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Thursday 3 December 2020
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4 Ways to Improve Sibling Relationships in Your Family

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If you’re a parent of more than one child, chances are good that part of your day involves managing the squabbles between your children.

One father complained to me about what seemed to be the constant arguments between his sons. ” I thought they would be great friends. After all, they have a built in playmate,” he told me. Not surprisingly this father was an only child.

A brother or sister can be a great playmate. Siblings can also alleviate boredom by provoking, teasing and annoying one another. They can be bitter foes as well as co-conspirators.

If you worry about your children’s relationship, wondering if it will forever be acrimonious, you’re not alone. Here are some tips to foster sweet friendship and decrease the angry arguing between your children:

Teach your children how to resolve differences on their own. The process is simple, and it’s similar to what I advise parents to do to put recurring conflicts with kids to rest. When your children are arguing, have them sit with you, and ask each to explain what it is that he or she wants. They are not allowed to argue, lay blame or make excuses when the other is talking. Once they’ve each clearly expressed what they want, ask your children to figure out the best solution together, so they can both get what they want. Your job isn’t to solve the problem or provide the solution. Your job is to assist, and insist on civility and kindness as they work things out. Neither can get what he or she wants until this problem is solved in such a way that they both get what they want. Thus arguing over a television show means no one gets the remote or watches TV until they solve the problem together.

In the beginning, this process will take some time. But the more you do this with your children, the more quickly it will go. Eventually your kids will become so proficient that you won’t need to be involved in the process at all.

Set general house rules. If there’s a repeated issue that always causes friction, set a general rule that all will follow until someone has a better solution that everyone can live with. For instance, my children were responsible for emptying the dishwasher. To avoid conflict, I determined that one child was responsible for emptying the top shelf, and the other child would empty the bottom shelf. At some point, I asked if they wanted to switch the shelf each was responsible for. Neither did, since each was convinced he had the easier shelf to manage.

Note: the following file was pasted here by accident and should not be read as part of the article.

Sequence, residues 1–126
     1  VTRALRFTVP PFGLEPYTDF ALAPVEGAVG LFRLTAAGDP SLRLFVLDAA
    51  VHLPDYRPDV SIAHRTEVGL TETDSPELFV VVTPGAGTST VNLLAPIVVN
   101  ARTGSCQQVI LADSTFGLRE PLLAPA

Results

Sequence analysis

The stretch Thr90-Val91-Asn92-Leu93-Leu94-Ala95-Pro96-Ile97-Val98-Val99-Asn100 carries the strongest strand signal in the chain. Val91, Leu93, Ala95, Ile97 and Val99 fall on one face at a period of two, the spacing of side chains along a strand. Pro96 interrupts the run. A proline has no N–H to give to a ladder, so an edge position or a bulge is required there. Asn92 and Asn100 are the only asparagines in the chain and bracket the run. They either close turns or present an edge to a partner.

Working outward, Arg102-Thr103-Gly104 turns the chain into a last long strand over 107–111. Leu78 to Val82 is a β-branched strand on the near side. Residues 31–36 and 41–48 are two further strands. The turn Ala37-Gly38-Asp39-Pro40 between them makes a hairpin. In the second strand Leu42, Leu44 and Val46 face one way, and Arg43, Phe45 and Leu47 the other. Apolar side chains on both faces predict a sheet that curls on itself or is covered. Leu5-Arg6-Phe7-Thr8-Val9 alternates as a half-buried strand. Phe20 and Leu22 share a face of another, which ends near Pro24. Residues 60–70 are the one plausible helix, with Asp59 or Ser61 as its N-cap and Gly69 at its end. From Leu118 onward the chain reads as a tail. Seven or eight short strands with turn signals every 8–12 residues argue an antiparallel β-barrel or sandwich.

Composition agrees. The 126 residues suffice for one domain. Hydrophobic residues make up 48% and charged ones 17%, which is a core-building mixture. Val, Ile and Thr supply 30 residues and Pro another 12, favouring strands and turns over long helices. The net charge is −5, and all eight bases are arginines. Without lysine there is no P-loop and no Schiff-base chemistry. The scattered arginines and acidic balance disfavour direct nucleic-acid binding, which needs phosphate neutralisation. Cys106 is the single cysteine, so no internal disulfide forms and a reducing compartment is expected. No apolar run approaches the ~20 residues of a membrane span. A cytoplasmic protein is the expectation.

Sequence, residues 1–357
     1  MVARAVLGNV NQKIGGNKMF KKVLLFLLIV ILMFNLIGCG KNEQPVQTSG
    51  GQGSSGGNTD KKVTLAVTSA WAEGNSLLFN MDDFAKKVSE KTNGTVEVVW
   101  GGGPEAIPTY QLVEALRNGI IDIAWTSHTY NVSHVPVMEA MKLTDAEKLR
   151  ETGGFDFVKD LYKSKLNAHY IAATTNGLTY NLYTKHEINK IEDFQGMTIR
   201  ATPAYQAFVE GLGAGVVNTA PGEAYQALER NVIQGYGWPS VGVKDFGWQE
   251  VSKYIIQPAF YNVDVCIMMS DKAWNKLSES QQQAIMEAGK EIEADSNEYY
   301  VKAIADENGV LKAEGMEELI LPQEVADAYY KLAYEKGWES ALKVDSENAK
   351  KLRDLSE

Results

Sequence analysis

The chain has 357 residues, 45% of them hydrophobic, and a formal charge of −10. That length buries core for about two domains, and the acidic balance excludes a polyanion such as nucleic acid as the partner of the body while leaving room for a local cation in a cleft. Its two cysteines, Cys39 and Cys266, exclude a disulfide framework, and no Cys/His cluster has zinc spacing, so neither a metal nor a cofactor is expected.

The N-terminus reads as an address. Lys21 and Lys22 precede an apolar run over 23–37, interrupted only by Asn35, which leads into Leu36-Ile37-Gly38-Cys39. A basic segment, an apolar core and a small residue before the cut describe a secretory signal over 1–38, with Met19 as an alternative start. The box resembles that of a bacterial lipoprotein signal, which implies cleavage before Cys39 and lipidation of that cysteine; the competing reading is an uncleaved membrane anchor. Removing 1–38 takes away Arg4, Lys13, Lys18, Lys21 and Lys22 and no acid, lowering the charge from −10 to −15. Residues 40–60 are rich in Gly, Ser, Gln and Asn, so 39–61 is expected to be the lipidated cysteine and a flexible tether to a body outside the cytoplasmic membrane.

Another “house rule” involved playing the radio in the car. The rule was that the person who wanted silence always won. My rationale was that you can make music in your own head in silence, but you can’t make silence when music is playing. I made this rule when the children were 5 years old. Besides heading off possible disputes between my kids over the radio, it paid big dividends for me when my children became teenagers. I always wanted silence, so I always got it!

Avoid comparing your children to each other. As soon as you add a second child to the family – even when that second child arrives only a minute after the first, as was true with my twins – they are immediately competing with one another. They compete over who is smarter, funnier, cleverer, better loved by mom or dad or grandparents, who got the bigger portion, whose turn it is to ride in the front seat of the car and whose turn it is to empty the garbage.

When you start comparing one to the other, you add fuel to their competitive fire. You can’t keep other adults, such as teachers, coaches or well-meaning relatives, from doing this. But you can avoid doing this yourself.

Instead of comparing your children, ask them to engage in games where they team up and compete with you. For instance, who can get teeth brushed, changed into pajamas and into bed faster, you or them? Or who can rake all the leaves on their side of the yard first, you or them?

Allow your children to poke a little fun at each other. Remember that for your kids, a certain amount of disturbance, teasing and provoking is a source of entertainment. It may not be for you, but it isn’t always ugly anger that you’re witnessing. There were many boring Sunday afternoons at my house growing up where the best fun could be had by annoying, provoking and teasing an older sister into an argument.

Learning to ignore and tune out during these times can be helpful for you and for your children. However, there are also times where their joyful disharmony is more than you can stand. That’s a good time to set boundaries. This may be one of the house rules you want to establish. Decide ahead of time with your children where they can go to poke and prod each other without bothering adults. It could be outside on the deck, in the yard or in a child’s bedroom, depending on wherever works best to provide that buffer.

Allowing a certain amount of sibling disharmony is essential for your children. It’s from these early familial relationships that many kids learn how to get along with others, and they’ll carry these lessons with them for the rest of their lives.




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